The Rational Optimist: How Prosperity Evolves
- Matt Ridley
The fact that this assertion remains true today, even after the financial meltdown of 2007–09, motivates Ridley to examine the role of trade across human evolution. In The Rational Optimist, Ridley — a science writer and former non-executive chairman of the troubled UK bank Northern Rock — explains that trade is more than the exchange of money for goods and services: it satisfies needs. When Smith attributed the wealth of a nation to “the propensity to truck, barter, and exchange”, he was describing an evolved trait of our species. Even chimpanzees barter to ensure reciprocity: if chimp A grooms chimp B, the groomed chimp is more likely to come to the aid of the groomer in a future conflict. But human trade incorporates individual values: “Give me that which I want, and you shall have this which you want”, Smith wrote. That aspect of exchange brings mutual prosperity. Trade is often unequal, but still benefits both sides, Ridley explains.
Ridley's long view of trade begins more than 100,000 years ago, when human culture itself began “to replicate, mutate, compete, select and accumulate”, as genes had been doing for billions of years. Once early hominins started exchanging things, culture suddenly became cumulative, and “the great headlong experiment of human economic 'progress' began”. Specialization and the division of labour led to time-saving innovations that translated to prosperity, which in turn led to more innovation and specialization that saved more time and generated more prosperity.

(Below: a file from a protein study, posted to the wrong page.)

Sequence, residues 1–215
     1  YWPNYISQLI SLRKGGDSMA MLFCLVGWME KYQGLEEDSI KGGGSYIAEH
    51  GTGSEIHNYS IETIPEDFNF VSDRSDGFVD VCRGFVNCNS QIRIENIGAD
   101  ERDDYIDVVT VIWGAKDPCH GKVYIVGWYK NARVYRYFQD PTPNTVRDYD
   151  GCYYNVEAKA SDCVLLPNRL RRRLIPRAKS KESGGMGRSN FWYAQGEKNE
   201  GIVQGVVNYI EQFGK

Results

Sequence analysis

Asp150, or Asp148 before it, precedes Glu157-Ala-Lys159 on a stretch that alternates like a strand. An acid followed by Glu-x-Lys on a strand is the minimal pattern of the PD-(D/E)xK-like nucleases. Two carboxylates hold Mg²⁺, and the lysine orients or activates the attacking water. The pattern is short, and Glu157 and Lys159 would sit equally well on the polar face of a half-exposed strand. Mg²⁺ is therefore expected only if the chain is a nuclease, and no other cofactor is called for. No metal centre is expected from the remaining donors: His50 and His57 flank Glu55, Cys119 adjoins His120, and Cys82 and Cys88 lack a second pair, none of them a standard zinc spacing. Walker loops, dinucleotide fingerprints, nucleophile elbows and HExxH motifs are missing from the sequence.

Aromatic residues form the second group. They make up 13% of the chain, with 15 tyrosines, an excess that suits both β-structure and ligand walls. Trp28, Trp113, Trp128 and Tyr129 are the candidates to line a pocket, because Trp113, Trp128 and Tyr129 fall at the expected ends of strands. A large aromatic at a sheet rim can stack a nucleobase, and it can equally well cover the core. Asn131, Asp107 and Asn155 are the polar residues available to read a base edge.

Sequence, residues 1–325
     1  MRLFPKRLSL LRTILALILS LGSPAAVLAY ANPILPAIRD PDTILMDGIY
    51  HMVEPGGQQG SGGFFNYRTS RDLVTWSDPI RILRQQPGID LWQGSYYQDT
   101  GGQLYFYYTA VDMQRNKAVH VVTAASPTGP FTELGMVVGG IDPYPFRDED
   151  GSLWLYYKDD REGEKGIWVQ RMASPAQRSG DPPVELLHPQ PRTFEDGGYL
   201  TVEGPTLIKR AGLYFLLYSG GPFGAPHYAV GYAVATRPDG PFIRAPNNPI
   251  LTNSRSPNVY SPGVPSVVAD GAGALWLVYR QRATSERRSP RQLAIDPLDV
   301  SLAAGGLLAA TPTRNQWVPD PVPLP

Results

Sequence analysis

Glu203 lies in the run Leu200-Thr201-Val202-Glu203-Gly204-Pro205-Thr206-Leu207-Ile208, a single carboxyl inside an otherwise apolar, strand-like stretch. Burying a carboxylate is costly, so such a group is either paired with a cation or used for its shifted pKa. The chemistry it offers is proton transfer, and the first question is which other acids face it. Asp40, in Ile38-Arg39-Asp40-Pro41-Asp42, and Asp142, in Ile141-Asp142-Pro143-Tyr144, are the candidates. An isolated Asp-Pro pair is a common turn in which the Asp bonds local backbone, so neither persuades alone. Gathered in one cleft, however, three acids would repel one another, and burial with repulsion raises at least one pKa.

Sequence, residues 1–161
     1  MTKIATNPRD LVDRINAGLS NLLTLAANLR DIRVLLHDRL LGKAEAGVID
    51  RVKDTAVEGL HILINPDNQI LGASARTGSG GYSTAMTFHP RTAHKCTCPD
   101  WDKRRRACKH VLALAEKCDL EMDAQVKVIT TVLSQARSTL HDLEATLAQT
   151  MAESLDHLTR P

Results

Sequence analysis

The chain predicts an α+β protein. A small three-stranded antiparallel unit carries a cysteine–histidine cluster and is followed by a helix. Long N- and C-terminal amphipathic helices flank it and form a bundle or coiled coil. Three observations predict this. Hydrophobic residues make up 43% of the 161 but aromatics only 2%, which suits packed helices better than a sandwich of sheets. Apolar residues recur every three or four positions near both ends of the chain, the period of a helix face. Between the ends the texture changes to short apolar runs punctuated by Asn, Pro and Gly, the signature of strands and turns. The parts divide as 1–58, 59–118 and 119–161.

Such self-catalysing feedback explains the growth of civilization. Before 10,000 years ago, humans lived in small groups of hunter-gatherers, with an average annual income equivalent to about US$100 per person and around 300 products per village. Today, the global average income is around $6,000 per person per year ($40,000 in Western cities) and there are about ten billion products available. Even within one generation, people today earn three times as much as their parents did in the 1950s, when adjusted for inflation.
Ridley compiles a substantial database of statistics and examples and weaves them into a compelling narrative. Critics of capitalism will undoubtedly be provoked, but they will find it hard to counter his well-crafted arguments. Ridley praises the supermarket, which lands in a town and causes a drop in its competitors' prices, saving its customers hundreds of billions of dollars a year. He does not mourn the loss of smaller stores that are driven out of business, as this must be balanced against the benefits that customers, especially the poorest, gain in terms of cheaper, more varied and better goods. The consumer is the one who benefits, even if some producers don't like it.
In The Wealth of Nations, Smith argued that economies should be consumer-driven, not producer-controlled. He exposed the old mercantilist system — in which a nation's prosperity was assumed to depend on its assets — as mere economic tribalism and industry protectionism. “The wealth of a country consists, not of its gold and silver only, but in its lands, houses, and consumable goods of all different kinds,” Smith wrote. Ridley agrees: in the long run, what counts is how consumers prosper by obtaining high-quality products at low prices. He notes that of the people designated as 'poor' who live in industrialized Western nations today, 99% have electricity, running water, a refrigerator and flushing toilets.
The Rational Optimist dovetails well with The Wealth of Nations and with The Science of Liberty in demonstrating that where people are free to trade in the broadest sense — including the free exchange of everything from genes to ideas — prosperity ineluctably follows.